Anatomically and morphologically aging a large number of M. punctulatum plants (Figs. 3 and 4), allowed us to determine a set of life history attributes. Misodendrum punctulatum attained reproductive age at 3-4 and 4-5 yrs of age for males and females, respectively (Fig. 4) and was shorter-lived (maximum age 13 yr) when growing on the shrub N. antarctica (Figs. 3A, 4C) than on N. pumilio trees (maximum age 20 yr, Fig. 3C).
Age-dependent susceptibility to infection
The distribution of host branch ages at the moment of infection suggests that susceptibility to infection rapidly declines with branch age (Fig. 5). However, the rate of this decline was site and/or host specific. One-year-old branches accounted for 28 and 18 %, and 1 to 4 yr old branches accounted for 86 and 60 % of the infections of low elevations shrubland of N. antarctica and subalpines forest of N. pumilio, respectively. Maximum ages at which branches were infected were 7 and 15 yr for low elevations shrubland of N. antarctica and subalpines forest of N. pumilio, respectively (Fig. 5).
Morphology and aging M. punctulatum infections on stems
Misodendrum punctulatum infections generally occurred on the youngest branches. However, it was relatively common to observe mistletoes emerging from the host main trunk. The morphology of endophytic systems as observable by transversal cuts indicates that these infections were not the result of lateral long-distance expansion of branch infections common in other mistletoes, but rather of a new establishment from seeds when the tree was a sapling followed by several events of rejuvenation of the endophytic system (Fig. 6). At a DBH of 30 cm N. pumilio, transversal cut indicated that the infection lasted 75 yr by means of three successive events of endophytic system formation (Fig. 6 top). A second sample at a DBH of 18 cm showed that the primary infection occurred when the bole was 8 yr old, ca. a DBH 1 cm (Fig. 6 bottom). Successive events of endophytic system formation-death and re-infection allowed the mistletoe to survive at the time of sample extraction 102 yr after infection (Fig. 6). The average longevity of each event of endophytic system formation was of 24 yr in the samples analyzed. Host reaction to vegetative rejuvenation in trunks consists of the formation of a callus similar to the scars formed after other injuries (Fig. 6). This callus generally covered completely the dead endophytic system within 15 to 20 yr.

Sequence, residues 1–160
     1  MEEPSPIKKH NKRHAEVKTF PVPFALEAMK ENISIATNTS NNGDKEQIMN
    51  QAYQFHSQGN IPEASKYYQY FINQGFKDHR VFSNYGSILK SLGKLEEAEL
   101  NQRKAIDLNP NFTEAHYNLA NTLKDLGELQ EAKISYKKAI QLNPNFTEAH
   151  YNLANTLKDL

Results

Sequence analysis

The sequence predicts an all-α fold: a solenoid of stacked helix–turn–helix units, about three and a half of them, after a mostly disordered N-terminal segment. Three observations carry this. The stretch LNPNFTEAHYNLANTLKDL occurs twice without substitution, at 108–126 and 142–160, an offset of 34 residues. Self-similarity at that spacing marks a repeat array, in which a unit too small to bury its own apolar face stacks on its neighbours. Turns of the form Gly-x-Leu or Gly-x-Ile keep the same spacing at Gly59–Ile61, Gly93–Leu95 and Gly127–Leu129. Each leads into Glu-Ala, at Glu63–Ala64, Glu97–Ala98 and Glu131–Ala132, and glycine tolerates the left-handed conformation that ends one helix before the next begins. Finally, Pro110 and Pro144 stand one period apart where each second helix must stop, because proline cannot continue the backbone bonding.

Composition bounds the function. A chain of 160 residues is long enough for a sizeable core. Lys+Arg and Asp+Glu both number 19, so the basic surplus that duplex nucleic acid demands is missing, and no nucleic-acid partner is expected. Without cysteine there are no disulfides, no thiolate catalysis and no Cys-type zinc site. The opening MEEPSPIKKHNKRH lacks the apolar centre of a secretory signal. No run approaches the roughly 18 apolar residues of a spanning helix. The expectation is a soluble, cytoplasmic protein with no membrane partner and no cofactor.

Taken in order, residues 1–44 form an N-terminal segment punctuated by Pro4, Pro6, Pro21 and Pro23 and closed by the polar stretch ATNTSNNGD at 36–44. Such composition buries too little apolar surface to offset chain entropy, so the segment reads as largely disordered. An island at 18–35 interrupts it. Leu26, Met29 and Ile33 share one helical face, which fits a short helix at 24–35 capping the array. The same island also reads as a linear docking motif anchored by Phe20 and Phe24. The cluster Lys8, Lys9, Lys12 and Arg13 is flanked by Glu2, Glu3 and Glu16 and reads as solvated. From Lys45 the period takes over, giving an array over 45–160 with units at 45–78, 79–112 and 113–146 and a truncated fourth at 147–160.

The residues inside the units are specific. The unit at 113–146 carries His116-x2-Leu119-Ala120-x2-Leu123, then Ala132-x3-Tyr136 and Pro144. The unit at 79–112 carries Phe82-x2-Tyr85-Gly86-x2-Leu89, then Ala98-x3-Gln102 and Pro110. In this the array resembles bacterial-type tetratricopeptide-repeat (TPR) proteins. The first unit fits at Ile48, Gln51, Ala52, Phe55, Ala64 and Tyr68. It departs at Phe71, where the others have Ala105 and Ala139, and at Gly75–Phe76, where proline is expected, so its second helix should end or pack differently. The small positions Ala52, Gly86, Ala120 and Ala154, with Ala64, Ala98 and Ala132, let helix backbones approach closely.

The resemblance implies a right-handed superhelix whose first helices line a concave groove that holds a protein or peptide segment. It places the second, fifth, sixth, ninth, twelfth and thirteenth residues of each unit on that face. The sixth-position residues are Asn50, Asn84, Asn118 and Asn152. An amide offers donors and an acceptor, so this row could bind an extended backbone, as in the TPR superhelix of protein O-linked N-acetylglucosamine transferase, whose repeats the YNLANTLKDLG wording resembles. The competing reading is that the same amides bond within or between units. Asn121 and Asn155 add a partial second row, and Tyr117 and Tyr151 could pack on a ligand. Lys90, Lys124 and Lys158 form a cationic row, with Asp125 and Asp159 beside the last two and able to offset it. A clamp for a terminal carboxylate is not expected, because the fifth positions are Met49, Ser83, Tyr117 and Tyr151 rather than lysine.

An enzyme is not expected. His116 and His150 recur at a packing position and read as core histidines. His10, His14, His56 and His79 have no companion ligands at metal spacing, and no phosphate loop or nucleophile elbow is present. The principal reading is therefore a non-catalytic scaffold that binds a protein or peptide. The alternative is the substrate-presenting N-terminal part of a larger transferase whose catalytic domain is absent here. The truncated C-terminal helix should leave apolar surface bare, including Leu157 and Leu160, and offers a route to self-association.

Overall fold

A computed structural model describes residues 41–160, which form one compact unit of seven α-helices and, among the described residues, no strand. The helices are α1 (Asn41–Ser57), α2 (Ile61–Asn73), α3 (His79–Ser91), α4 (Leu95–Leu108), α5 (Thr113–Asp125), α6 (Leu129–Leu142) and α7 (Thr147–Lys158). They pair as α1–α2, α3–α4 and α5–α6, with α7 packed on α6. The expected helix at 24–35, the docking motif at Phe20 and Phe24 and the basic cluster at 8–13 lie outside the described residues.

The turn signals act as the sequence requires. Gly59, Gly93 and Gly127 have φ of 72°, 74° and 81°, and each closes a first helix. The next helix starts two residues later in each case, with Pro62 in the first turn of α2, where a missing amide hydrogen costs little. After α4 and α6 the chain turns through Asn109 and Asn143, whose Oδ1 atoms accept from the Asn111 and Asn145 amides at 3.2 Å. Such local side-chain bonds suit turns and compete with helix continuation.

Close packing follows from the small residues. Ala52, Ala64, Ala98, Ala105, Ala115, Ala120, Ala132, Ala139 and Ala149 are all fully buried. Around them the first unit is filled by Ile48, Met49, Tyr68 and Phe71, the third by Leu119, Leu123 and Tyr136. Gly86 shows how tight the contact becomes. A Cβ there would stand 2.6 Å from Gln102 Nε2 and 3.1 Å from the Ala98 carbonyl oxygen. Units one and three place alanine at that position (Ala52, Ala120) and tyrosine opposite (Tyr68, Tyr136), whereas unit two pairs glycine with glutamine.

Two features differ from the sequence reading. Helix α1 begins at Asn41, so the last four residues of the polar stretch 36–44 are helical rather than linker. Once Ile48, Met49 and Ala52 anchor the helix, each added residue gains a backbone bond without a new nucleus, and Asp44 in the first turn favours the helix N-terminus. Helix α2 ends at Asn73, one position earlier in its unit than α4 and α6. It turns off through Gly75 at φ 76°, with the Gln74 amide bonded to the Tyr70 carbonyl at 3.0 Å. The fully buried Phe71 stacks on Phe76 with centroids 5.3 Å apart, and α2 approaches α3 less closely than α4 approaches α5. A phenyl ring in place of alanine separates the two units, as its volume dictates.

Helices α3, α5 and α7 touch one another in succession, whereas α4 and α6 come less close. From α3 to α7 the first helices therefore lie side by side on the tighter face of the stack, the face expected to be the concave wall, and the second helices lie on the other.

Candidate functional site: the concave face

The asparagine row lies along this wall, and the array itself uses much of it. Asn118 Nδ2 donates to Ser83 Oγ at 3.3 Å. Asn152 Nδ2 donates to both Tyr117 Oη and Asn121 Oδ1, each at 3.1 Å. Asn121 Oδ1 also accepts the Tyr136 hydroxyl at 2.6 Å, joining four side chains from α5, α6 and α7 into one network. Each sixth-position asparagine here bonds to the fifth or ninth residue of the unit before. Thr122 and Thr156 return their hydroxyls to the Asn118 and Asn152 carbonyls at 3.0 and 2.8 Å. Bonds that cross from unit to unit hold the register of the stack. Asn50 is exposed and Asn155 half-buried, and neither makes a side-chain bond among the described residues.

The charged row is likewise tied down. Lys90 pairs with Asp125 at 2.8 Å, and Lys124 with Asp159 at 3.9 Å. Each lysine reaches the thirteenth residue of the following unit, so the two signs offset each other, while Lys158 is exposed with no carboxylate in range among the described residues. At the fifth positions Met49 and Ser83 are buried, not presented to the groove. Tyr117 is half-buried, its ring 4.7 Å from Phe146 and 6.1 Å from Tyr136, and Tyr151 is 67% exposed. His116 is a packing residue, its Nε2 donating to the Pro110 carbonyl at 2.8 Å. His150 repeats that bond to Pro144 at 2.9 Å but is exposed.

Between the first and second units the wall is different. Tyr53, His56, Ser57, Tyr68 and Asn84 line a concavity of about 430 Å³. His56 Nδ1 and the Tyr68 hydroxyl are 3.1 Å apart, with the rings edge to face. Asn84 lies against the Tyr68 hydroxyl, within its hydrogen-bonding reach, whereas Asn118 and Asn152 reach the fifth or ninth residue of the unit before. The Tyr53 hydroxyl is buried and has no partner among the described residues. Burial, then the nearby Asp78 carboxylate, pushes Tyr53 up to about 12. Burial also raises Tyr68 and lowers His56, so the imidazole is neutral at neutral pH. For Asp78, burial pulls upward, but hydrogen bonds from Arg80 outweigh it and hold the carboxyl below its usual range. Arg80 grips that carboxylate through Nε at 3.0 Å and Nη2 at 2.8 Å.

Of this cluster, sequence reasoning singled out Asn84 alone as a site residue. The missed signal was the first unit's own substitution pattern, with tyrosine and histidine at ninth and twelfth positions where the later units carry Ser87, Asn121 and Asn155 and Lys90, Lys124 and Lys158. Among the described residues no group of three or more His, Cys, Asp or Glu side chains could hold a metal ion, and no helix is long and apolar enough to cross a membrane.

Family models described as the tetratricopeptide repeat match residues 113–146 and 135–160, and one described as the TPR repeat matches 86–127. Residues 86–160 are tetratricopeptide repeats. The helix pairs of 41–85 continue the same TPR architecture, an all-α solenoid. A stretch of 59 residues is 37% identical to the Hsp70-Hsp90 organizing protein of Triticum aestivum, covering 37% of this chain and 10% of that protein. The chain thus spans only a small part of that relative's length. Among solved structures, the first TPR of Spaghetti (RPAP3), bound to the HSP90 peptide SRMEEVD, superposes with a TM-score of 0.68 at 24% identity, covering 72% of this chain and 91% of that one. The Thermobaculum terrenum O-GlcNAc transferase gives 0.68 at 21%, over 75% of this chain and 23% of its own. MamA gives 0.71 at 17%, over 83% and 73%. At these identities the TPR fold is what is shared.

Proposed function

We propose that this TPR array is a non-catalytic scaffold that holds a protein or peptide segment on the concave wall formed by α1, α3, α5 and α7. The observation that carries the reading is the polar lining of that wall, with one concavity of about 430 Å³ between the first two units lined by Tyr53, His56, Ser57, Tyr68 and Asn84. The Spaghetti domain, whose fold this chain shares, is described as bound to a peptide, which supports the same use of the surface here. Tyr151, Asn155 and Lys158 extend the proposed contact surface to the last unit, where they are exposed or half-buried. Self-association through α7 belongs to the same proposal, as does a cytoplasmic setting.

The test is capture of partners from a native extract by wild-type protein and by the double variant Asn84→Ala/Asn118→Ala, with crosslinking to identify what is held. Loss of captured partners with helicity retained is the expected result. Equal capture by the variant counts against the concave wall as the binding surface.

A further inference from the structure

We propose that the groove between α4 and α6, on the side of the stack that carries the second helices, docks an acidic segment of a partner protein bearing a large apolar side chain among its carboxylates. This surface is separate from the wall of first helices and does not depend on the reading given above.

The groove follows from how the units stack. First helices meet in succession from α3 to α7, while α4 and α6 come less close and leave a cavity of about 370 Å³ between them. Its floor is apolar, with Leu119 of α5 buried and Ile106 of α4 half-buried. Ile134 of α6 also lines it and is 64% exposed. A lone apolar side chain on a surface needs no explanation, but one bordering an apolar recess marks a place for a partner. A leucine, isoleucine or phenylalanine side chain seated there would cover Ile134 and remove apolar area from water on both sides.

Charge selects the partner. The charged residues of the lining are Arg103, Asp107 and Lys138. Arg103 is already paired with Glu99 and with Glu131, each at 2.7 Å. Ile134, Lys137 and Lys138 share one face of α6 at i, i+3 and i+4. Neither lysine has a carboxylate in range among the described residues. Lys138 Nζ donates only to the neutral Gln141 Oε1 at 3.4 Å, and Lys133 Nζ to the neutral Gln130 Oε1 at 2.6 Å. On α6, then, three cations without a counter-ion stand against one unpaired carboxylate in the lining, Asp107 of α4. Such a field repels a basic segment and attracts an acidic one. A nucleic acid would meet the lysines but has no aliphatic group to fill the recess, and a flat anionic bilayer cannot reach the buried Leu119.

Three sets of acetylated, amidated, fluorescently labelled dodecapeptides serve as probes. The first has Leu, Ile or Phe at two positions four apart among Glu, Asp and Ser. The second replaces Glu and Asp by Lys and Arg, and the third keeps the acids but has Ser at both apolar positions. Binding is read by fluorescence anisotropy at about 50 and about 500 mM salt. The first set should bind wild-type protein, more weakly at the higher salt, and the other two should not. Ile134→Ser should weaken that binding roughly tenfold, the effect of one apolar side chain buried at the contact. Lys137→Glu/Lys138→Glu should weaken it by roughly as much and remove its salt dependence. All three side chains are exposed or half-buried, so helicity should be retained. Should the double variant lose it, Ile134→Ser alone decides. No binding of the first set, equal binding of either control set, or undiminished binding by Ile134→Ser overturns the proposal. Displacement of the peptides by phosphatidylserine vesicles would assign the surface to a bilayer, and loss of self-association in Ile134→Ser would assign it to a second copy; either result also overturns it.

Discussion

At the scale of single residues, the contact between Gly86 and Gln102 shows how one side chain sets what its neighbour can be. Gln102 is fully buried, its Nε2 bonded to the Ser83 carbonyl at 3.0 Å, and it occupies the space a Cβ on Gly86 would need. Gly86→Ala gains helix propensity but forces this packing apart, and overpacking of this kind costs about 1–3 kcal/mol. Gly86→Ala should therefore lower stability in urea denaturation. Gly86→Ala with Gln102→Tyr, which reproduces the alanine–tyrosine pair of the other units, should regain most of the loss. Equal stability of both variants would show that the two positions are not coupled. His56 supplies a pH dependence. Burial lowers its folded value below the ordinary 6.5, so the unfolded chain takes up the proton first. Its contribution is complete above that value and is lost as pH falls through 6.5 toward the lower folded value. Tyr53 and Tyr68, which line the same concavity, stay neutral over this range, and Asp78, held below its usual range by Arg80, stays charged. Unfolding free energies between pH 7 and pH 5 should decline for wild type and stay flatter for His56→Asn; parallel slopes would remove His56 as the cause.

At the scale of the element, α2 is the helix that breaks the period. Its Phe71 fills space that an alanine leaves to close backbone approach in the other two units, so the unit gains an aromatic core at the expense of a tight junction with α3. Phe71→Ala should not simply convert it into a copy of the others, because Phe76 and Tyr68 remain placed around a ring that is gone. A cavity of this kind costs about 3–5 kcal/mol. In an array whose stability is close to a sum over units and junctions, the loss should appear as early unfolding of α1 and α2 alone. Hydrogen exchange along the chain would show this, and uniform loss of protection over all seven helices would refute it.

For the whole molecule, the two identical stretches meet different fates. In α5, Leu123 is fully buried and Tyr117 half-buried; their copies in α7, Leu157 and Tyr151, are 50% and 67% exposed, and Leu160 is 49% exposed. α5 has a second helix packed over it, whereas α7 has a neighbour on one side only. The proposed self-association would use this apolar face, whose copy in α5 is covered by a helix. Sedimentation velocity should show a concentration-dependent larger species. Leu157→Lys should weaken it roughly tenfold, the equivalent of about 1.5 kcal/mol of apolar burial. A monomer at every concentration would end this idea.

Incubation period in Misodendrum punctulatum
We report here another mistletoe that develops a multiyear holotrophic phase of delayed shoot emergence after initial infection or incubation period (Wagener 1962, Scharpf & Parmeter 1982). Unlike other authors who have detected incubation periods by following mistletoe emergence over time (Wagener 1962, Scharpf & Parmeter 1982), this study is the first in documenting and describing the length of incubation period and its possible environmental-dependence variability based on inferential haustorium versus shoot-based age data. Dawson et al. (1990), performing similar analyses on Phoradendron juniperinum, did not detect any delays between infection and aerial shoot production.
Incubation phases differed between sites, being shorter and more constant (2 yr) in the lower elevation, thermically more favorable N. antarctica habitat, and longer and more variable (4 to 6 yr) in the higher elevation, hasher subalpine habitat of N. pumilio. Given that the endophytic host-mistletoe connection develops as a function of coordinated growth of host and mistletoe xylem, it is likely that endophytic systems may become fully developed and hydraulically efficient earlier in faster-growing hosts from lower elevation sites than slower-growing subalpine trees. Yet, growth rate differences may also be due to intrinsic differences between host species. Scharpf & Parmeter (1976) showed no differences in the length of incubation period when Arceuthobium abietinum was growing on red and white fir in the same area. However, site-dependent differences in length of incubation period were noted for this species growing on red fir in different areas (Scharpf & Parmeter 1982). In British Columbia, half the infections of Arceuthobium tsugense produced shoots in the second year after infection and shoots were produced the following year; the incubation period extends from 3 to 6 yr in Alaska (Shaw & Loopstra 1991, Hawksworth & Wiens 1996).